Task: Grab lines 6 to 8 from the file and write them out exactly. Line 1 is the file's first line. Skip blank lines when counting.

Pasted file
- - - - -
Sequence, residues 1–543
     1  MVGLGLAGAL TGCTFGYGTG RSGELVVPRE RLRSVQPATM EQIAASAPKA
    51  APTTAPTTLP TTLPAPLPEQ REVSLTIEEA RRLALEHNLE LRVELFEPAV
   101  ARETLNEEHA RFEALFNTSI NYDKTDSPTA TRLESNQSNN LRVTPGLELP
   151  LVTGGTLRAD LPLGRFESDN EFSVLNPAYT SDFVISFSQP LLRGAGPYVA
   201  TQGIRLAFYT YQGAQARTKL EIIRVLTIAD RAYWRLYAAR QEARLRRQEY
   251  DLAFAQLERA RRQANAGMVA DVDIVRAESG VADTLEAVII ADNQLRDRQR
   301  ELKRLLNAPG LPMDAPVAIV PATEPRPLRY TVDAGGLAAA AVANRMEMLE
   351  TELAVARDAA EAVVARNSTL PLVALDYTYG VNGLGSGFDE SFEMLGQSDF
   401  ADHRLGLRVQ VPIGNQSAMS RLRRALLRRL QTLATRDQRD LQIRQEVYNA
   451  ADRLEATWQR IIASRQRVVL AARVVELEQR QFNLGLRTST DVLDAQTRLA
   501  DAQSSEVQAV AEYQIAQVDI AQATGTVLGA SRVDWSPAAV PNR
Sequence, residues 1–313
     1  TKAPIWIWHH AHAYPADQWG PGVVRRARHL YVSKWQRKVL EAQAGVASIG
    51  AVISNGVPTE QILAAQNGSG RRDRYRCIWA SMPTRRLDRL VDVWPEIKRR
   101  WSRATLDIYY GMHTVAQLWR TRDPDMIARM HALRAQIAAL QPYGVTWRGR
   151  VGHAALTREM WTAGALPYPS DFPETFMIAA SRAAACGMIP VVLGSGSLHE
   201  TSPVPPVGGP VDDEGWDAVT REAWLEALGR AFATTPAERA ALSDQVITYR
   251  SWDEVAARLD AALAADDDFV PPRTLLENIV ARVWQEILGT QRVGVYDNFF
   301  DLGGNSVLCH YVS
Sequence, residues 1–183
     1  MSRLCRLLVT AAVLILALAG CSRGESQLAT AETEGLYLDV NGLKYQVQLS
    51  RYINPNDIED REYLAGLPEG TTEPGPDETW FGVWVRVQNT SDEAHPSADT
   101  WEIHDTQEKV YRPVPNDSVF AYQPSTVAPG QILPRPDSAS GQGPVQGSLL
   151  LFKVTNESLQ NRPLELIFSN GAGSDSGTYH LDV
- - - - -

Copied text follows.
   201  TQGIRLAFYT YQGAQARTKL EIIRVLTIAD RAYWRLYAAR QEARLRRQEY
   251  DLAFAQLERA RRQANAGMVA DVDIVRAESG VADTLEAVII ADNQLRDRQR
   301  ELKRLLNAPG LPMDAPVAIV PATEPRPLRY TVDAGGLAAA AVANRMEMLE